Whenever resources not owned or controlled by the UMTS network are required to provide QoS, it is necessary to interwork with the external network that controls those resources. Interworking may be realised in a number of ways, including:
  • signalling along the flow path (e.g. RSVP, LDP).
  • packet marking or labelling along the flow path (e.g. DiffServ, MPLS)
  • interaction between Policy Control and/or Resource Management elements.
  • Service Level Agreements enforced by the border routers between networks.
For the policy control the following should apply:
  • The IP policy framework employed in UMTS should, as far as possible, conform to IETF "Internet Standards". The IETF policy framework may be used for policy decision, authorization, and control of the IP level functionality, at both user and network level.
  • There should be separation between the scope and roles of the UMTS policy mechanisms and the IP policy framework. This is to facilitate separate evolution of these functions.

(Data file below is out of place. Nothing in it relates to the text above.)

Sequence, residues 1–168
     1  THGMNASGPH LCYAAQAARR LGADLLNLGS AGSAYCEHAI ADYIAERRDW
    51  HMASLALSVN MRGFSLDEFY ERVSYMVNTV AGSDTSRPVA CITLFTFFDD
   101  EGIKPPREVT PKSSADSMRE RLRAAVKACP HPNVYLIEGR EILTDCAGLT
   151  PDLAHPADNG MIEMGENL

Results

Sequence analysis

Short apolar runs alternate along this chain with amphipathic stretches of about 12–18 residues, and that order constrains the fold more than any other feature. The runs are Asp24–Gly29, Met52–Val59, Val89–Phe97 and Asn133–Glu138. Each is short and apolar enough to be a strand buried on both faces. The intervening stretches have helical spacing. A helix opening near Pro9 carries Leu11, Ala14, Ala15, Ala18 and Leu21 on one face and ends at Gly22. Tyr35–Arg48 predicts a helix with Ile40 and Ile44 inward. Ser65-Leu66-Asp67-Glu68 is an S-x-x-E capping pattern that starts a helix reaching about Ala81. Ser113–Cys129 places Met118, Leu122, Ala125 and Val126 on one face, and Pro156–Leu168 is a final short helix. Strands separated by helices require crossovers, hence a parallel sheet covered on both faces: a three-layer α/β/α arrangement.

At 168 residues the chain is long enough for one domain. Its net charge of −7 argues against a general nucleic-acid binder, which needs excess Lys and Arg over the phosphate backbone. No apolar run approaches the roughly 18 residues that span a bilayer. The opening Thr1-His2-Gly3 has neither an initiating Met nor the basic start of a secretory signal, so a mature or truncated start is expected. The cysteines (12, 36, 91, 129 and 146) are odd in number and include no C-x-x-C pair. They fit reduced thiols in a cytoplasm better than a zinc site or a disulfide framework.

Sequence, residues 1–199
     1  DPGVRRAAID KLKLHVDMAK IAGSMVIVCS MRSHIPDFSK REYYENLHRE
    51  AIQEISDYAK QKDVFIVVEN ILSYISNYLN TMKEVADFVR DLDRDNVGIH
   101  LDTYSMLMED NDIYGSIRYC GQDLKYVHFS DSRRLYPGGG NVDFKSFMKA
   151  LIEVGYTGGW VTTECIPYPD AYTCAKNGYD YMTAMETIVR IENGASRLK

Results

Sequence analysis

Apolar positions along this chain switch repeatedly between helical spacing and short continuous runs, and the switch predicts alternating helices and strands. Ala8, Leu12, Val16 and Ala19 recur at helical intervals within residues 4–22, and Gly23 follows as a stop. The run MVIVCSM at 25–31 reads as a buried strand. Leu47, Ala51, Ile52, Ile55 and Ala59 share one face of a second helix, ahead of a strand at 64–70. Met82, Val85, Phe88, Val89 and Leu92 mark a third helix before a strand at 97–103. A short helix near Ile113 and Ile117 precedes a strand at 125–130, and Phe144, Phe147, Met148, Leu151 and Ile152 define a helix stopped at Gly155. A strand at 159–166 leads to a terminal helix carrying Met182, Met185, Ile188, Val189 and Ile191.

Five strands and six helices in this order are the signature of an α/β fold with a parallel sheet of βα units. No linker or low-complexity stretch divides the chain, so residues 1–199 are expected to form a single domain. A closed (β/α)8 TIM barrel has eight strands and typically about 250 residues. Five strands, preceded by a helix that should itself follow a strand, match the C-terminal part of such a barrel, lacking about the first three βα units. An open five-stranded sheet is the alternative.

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5.1.1  Description of functionsWord‑p. 10

5.1.1.1  QoS management functions for end-to-end IP QoS in UMTS Network

IP BS Manager uses standard IP mechanisms to manage the IP bearer services. These mechanisms may be different from mechanisms used within the UMTS, and may have different parameters controlling the service. When implemented, the IP BS Manager may include the support of DiffServ Edge Function and the RSVP function. The Translation/mapping function provides the inter-working between the mechanisms and parameters used within the UMTS bearer service and those used within the IP bearer service, and interacts with the IP BS Manager. In the GGSN, the IP QoS parameters are mapped into UMTS QoS parameters, where needed. In the UE, the QoS requirements determined from the application layer (e.g., SDP) are mapped to either the PDP context parameters or IP layer parameters (e.g., RSVP).